Sarcopenia in older adults

Timothy Henwood, Justin W L Keogh, Michael Climstein

Research output: Contribution to journalArticleResearch

Abstract

Sarcopenia is a little acknowledged geriatric syndrome associated with significant health care and personal burden (Janssen et al 2004). Defined by an age associated loss in muscle mass and function (either muscle strength or physical performance), sarcopenia is a known precursor to later life disability (Cruz-Jentoft et al 2010). Across the lifespan, an adult can expect a 35% loss in muscle size and 50% loss in muscle strength that will significantly reduce their capacity to undertake activities of daily living, and increase their risk of falls due to reduced balance capacity and core strength (Bean et al 2002).
Original languageEnglish
Article number39
JournalAustralian nursing journal (July 1993)
Volume19
Issue number9
Publication statusPublished - Mar 2012

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Sarcopenia
Muscle Strength
Muscles
Activities of Daily Living
Geriatrics
Delivery of Health Care

Cite this

Henwood, T., Keogh, J. W. L., & Climstein, M. (2012). Sarcopenia in older adults. Australian nursing journal (July 1993), 19(9), [39].
Henwood, Timothy ; Keogh, Justin W L ; Climstein, Michael. / Sarcopenia in older adults. In: Australian nursing journal (July 1993). 2012 ; Vol. 19, No. 9.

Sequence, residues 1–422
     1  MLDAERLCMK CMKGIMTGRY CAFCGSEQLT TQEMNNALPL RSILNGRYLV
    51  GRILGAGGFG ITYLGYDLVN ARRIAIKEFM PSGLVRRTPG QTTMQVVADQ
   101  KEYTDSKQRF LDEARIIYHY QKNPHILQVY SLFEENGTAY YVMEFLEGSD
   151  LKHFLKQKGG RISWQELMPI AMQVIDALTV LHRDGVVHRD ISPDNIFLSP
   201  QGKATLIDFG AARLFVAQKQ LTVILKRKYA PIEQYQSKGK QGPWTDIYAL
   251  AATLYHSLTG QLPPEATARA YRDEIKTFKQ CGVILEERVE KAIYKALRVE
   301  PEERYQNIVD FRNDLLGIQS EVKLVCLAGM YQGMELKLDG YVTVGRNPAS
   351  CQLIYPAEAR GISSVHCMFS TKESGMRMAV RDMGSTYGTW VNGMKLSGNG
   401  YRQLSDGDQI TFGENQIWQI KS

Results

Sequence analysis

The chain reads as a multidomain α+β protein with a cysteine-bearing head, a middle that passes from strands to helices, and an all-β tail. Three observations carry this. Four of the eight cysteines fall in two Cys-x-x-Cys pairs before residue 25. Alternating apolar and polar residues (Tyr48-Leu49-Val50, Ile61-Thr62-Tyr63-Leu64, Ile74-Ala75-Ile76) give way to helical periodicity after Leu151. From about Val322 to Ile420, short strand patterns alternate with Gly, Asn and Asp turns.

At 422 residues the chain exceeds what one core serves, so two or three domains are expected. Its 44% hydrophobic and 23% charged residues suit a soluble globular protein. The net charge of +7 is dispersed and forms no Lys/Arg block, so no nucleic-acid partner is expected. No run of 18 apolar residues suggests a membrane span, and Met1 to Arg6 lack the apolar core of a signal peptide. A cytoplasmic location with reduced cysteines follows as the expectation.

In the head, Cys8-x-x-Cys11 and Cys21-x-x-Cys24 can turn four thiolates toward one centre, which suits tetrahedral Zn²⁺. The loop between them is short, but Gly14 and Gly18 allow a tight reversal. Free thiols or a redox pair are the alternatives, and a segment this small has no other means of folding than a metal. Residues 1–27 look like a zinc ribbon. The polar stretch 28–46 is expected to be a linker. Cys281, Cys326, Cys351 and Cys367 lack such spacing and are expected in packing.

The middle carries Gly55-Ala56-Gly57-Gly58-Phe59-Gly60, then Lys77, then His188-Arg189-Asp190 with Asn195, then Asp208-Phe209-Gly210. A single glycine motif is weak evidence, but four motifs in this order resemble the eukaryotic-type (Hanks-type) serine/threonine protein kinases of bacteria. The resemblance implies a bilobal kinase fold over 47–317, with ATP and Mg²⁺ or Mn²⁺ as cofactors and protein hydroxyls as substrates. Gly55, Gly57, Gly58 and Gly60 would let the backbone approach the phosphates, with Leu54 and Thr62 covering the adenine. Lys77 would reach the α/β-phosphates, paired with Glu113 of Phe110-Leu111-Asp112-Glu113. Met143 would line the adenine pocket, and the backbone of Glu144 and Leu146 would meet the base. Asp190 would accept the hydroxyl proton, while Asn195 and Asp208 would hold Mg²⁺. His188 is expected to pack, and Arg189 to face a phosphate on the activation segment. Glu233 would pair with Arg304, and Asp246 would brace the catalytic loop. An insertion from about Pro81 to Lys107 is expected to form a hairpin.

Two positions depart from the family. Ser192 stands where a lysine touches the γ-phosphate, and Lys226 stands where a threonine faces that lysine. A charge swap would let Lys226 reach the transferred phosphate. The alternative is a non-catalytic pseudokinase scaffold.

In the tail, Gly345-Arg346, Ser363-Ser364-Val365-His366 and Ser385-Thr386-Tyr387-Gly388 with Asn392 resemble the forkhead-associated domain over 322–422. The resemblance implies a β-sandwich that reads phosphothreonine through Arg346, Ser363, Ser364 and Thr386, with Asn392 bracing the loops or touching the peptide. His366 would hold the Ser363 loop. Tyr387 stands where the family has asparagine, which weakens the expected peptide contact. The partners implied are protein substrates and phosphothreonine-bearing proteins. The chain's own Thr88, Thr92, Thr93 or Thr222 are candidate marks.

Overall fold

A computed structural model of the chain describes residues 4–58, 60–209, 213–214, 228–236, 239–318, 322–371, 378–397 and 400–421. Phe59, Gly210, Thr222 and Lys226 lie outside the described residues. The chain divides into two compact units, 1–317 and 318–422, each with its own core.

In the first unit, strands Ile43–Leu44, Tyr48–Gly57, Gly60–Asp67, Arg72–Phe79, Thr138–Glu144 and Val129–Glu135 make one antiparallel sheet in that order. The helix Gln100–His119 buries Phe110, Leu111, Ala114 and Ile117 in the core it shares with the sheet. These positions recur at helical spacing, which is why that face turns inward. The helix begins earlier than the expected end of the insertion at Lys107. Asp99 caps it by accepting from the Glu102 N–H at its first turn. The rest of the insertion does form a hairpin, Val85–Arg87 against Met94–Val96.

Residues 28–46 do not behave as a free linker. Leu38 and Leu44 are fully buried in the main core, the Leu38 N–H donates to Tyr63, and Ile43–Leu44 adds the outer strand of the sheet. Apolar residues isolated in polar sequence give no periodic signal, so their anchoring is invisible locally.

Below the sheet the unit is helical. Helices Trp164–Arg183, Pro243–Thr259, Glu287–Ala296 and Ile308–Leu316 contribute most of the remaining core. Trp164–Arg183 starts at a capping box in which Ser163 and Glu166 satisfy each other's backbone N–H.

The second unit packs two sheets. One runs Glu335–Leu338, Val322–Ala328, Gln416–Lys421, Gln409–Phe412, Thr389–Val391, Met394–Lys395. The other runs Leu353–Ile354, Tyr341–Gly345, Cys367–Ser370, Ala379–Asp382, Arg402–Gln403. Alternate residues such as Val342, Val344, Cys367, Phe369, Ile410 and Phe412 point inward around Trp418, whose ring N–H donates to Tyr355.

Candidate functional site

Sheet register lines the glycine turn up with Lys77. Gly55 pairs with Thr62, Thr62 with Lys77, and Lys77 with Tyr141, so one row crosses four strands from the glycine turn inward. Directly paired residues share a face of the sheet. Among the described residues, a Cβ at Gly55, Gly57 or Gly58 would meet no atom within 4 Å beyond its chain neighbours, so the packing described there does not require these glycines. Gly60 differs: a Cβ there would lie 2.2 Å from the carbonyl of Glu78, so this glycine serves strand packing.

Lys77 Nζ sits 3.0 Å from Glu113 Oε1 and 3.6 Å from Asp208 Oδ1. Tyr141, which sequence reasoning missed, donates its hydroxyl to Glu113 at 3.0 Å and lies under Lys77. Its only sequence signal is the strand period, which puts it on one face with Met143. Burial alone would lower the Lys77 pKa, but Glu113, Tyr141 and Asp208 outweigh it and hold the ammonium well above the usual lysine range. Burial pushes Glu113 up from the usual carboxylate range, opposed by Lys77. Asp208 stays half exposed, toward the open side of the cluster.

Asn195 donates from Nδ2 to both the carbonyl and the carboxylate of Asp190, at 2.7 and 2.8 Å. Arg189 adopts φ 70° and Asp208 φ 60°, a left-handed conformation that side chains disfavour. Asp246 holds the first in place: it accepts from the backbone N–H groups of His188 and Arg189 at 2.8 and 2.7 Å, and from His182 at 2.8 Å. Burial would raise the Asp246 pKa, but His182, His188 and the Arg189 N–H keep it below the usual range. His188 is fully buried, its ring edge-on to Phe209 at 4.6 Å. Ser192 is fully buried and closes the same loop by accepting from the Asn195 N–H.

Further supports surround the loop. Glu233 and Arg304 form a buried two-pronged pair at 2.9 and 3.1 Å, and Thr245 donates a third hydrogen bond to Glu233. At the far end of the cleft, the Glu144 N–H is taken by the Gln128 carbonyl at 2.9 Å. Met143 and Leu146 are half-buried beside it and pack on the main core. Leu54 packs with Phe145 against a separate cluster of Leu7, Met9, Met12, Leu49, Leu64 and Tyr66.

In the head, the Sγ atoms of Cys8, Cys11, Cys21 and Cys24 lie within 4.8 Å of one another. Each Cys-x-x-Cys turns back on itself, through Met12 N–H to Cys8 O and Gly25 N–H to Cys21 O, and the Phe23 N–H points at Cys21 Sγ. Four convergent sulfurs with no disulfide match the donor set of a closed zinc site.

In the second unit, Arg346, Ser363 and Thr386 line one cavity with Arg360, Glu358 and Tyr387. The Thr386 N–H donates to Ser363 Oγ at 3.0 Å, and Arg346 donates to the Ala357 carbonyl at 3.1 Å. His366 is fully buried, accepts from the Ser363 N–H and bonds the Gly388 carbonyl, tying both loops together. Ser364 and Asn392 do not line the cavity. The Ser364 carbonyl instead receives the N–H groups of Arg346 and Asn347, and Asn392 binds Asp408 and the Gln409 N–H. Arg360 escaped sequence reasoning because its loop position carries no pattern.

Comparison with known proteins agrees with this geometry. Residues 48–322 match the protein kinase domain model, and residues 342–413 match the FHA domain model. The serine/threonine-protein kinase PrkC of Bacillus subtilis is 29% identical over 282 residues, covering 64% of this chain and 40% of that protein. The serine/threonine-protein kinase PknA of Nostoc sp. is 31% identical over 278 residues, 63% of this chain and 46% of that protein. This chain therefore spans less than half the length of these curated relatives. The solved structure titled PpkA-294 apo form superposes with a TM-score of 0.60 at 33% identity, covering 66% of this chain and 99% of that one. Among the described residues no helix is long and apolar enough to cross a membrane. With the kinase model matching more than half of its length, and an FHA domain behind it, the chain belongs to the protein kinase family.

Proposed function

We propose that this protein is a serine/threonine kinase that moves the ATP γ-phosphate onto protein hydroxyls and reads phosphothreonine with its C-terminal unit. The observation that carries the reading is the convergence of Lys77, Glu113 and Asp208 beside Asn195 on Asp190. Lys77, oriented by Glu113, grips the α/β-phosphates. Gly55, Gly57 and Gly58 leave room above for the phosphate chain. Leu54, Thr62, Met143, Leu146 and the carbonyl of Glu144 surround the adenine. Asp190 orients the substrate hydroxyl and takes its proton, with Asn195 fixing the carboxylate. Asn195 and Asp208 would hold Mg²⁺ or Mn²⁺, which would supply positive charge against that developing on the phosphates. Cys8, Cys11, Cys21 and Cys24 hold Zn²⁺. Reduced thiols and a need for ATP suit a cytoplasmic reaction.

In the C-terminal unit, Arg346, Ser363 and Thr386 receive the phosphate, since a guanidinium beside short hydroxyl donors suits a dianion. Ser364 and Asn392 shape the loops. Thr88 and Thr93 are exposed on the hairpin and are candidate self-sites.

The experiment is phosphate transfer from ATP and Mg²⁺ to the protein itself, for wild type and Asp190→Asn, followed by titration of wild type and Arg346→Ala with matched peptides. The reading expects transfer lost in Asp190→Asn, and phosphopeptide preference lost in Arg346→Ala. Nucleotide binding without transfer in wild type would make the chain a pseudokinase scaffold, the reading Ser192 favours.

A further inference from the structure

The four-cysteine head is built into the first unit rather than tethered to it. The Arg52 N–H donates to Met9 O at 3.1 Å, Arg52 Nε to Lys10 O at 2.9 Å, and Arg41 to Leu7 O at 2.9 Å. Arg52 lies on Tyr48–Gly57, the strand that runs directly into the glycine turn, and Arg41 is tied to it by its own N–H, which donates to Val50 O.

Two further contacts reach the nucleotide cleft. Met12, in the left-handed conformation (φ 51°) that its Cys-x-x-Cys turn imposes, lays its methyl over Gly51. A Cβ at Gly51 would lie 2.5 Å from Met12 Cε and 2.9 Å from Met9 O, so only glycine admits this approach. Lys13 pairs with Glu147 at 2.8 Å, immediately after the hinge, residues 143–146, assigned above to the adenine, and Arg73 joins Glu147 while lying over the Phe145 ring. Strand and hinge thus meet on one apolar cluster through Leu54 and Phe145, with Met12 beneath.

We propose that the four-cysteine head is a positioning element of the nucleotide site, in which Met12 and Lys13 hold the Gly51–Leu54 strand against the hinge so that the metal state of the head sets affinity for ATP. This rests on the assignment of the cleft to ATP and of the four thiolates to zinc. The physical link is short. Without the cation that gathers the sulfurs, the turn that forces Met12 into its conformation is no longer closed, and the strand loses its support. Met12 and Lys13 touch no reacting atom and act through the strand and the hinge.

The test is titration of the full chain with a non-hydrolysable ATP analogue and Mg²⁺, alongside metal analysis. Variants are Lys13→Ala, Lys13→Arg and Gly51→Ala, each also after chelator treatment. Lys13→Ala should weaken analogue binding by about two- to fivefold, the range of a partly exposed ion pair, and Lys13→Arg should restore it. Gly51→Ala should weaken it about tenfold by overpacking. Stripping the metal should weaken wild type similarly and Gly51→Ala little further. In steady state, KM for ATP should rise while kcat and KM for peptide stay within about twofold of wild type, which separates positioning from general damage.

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Henwood, T, Keogh, JWL & Climstein, M 2012, 'Sarcopenia in older adults' Australian nursing journal (July 1993), vol. 19, no. 9, 39.

Sarcopenia in older adults. / Henwood, Timothy; Keogh, Justin W L; Climstein, Michael.

In: Australian nursing journal (July 1993), Vol. 19, No. 9, 39, 03.2012.

Research output: Contribution to journalArticleResearch

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AU - Climstein, Michael

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AB - Sarcopenia is a little acknowledged geriatric syndrome associated with significant health care and personal burden (Janssen et al 2004). Defined by an age associated loss in muscle mass and function (either muscle strength or physical performance), sarcopenia is a known precursor to later life disability (Cruz-Jentoft et al 2010). Across the lifespan, an adult can expect a 35% loss in muscle size and 50% loss in muscle strength that will significantly reduce their capacity to undertake activities of daily living, and increase their risk of falls due to reduced balance capacity and core strength (Bean et al 2002).

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